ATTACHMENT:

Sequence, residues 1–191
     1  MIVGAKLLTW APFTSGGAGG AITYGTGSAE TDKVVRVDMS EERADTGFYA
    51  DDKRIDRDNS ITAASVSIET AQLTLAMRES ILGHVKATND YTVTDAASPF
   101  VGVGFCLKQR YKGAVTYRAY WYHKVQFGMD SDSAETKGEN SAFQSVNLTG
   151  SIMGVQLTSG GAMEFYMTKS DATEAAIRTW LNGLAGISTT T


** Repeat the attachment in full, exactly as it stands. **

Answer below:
Sequence, residues 1–191
     1  MIVGAKLLTW APFTSGGAGG AITYGTGSAE TDKVVRVDMS EERADTGFYA
    51  DDKRIDRDNS ITAASVSIET AQLTLAMRES ILGHVKATND YTVTDAASPF
   101  VGVGFCLKQR YKGAVTYRAY WYHKVQFGMD SDSAETKGEN SAFQSVNLTG
   151  SIMGVQLTSG GAMEFYMTKS DATEAAIRTW LNGLAGISTT T